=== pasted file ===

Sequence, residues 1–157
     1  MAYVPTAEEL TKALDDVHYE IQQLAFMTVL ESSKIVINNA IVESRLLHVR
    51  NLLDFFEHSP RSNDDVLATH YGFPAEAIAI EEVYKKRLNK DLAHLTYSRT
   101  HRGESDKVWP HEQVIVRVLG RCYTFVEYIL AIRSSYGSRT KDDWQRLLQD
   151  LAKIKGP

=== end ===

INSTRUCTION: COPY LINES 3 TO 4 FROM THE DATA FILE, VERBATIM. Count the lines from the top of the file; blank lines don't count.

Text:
    51  NLLDFFEHSP RSNDDVLATH YGFPAEAIAI EEVYKKRLNK DLAHLTYSRT
   101  HRGESDKVWP HEQVIVRVLG RCYTFVEYIL AIRSSYGSRT KDDWQRLLQD